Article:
Guest Column: The most essential commandment

It seems there is a 614th commandment... a commandment so fundamental it wasn’t even counted among the 613 mitzvot.

May 14, 2010 20:37
3 minute read.
simchat torah 88

simchat torah 88. (photo credit: )


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The Talmud (Yoma 9b) tells us “the former ones [exiles] whose iniquity was revealed had their end revealed; the latter ones whose iniquity was not revealed have their end still unrevealed.” There is a maxim that “the actions of the forefathers serve as a template for their descendants,” so to find the cause of the current exile, it perhaps behooves us to examine the causes of the earlier ones.

The first exile, that of humanity from Eden, was triggered by Adam’s and Eve’s refusal to obey the voice of God delivered “in person.” The 70-year Babylonian Exile of the Jewish nation came because the common Jew (the elite having been removed by Nebuchadnezzar) refused to heed His voice as filtered through His prophet Jeremiah.

It seems there is a 614th commandment – “Obey My voice” (Jeremiah 7:23, Isaiah 28:23 and elsewhere) – a commandment so fundamental it wasn’t even counted among the 613 mitzvot, and the violation of which results in exile.

So what would be the penalty if the very elite of the nation refused to heed His voice as it issued directly from heaven? Might God not reply, in effect: Yes, you have the right to ignore Me, but I have the right to stop talking to you. Now get out of My land until you change your mind!

I object to the notion that, as Rabbi Shlomo Riskin wrote in the adjacent column, “the sages can outvote and overrule, not only Rabbi Eliezer, but even God Himself.” The talmudic story he recounts to explain the origin of this teaching (Bava Metzia 59b) in fact describes a cold-blooded rebellion against God by the very men entrusted to guide the nation, thus fulfilling the prophecy that “Jeshurun will grow fat and kick” (Deuteronomy 32:15), the vision granted to Ezekiel (Ezekiel 8:11-18) and the many warnings of Jeremiah (Jeremiah 7:28, and 11:9-11 for example), and was the cause of this exile.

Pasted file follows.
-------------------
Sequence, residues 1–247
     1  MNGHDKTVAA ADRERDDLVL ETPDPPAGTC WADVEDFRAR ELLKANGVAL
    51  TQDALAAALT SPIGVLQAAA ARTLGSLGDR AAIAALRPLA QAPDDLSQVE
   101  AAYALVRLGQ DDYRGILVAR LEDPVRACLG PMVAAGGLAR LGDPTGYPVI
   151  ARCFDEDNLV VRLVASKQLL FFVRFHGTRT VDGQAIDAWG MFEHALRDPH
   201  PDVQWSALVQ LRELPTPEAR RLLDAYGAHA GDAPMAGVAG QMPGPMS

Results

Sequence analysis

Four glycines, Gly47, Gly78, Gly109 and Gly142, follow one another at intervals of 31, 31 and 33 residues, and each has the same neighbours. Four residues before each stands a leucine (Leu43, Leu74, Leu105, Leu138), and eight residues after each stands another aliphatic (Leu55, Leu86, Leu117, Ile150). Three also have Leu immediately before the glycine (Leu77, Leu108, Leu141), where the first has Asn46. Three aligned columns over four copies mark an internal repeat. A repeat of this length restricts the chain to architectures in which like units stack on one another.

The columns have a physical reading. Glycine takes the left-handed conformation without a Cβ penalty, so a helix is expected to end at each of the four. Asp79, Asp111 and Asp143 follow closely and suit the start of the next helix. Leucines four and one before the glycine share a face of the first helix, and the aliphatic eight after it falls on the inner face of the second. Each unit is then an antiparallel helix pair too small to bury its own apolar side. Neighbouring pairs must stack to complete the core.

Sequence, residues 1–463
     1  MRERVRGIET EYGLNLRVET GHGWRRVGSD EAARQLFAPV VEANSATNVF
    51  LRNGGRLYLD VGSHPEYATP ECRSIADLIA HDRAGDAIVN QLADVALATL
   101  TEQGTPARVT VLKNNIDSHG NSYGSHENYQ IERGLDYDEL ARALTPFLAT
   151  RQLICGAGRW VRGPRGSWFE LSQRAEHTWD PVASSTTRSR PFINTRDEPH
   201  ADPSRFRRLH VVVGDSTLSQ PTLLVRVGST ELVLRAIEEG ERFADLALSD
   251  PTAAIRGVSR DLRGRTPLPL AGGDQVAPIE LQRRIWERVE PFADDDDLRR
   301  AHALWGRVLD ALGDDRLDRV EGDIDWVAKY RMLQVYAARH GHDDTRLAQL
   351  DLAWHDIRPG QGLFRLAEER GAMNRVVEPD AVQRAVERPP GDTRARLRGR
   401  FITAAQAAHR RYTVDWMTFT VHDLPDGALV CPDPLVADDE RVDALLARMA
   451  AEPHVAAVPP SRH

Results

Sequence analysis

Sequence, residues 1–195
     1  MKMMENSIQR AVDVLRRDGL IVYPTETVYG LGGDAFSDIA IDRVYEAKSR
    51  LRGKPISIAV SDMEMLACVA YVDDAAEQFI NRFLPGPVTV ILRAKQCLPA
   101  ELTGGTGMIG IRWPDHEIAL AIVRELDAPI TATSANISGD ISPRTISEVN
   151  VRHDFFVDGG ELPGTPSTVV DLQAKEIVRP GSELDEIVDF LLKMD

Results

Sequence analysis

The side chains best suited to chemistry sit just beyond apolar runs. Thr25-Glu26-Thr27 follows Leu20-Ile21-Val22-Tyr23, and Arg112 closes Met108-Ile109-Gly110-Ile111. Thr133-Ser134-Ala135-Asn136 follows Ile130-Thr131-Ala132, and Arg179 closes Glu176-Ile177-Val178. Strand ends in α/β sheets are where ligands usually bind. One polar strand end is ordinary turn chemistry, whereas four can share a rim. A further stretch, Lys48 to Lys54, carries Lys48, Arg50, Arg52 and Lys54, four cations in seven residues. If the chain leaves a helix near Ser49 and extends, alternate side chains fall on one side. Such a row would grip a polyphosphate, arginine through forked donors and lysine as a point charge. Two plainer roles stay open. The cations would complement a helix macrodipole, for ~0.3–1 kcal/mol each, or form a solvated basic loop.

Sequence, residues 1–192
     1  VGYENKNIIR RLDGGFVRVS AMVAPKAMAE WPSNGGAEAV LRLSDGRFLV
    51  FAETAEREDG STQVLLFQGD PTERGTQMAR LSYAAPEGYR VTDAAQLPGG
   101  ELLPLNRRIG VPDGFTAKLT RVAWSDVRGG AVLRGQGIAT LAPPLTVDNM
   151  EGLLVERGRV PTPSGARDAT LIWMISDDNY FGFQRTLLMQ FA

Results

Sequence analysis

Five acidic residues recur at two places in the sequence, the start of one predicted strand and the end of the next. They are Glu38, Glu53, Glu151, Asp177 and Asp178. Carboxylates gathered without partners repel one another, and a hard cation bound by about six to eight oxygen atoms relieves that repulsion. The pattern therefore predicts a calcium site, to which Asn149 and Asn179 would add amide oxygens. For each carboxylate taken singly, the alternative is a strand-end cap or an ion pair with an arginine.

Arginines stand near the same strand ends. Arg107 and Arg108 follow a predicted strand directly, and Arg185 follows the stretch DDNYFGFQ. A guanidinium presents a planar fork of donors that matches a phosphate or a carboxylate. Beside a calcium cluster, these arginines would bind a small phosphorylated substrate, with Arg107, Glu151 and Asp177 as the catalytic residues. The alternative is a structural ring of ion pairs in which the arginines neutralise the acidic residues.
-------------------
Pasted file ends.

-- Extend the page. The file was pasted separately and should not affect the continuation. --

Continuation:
As to whether God’s laughter in response to this impudence represented His approval, as our rabbis have taught ever since, or was the fulfillment of another of Moses’s prophecies: “As the Lord rejoiced over you to do you good and to multiply you, so the Lord will rejoice over you to destroy you and to bring you to naught, and ye shall be plucked from off the land whither thou goest to possess it, and the Lord shall scatter thee among all people, from the one end of the earth even unto the other” (Deut. 28:63-64), I leave up to the reader.

Consider: The phrase used by the rebels – “the Torah is not in heaven” – was taken out of context from a passage (Deut. 30:11-14) that reads: “What I am commanding you today is not too difficult for you. It is not in heaven, that you should say, ‘Who will go up to heaven for us to get it for us and make us observe it’... It is in your mouth and in your heart, that you may do it.”

Secondly, there is an epilogue recorded in the Talmud (Eruvin 13b). There, the sages are bickering as to whether Beit Hillel or Beit Shammai shall set Halacha. Again, a heavenly voice (bat kol) is heard, this time declaring, “These and those [i.e. the words of both Hillel and Shammai] are the words of the living God, but the Halacha is in agreement with the rulings of Beit Hillel.”

It is telling indeed that, though apparently still defiant Rabbi Joshua says, “We pay no attention to heavenly voices” (Brachot 52a) – and though the vote was carried by Beit Shammai, “The Halacha is always in agreement with Hillel since the bat kol” (Eruvin 6b).

To understand Rabbi Eliezer’s heroism in not following the majority to do evil (Exodus 23:2), remember that after God empowered the Sanhedrin (Numbers 11:16), He provided at least four legal (i.e. God-approved) ways of overturning a Sanhedrin ruling. One of these is that any later Sanhedrin can simply choose to adopt the minority view of any earlier one.

There is a Sanhedrin today.

The writer is a veteran Post staffer and editor of the Christian Edition.

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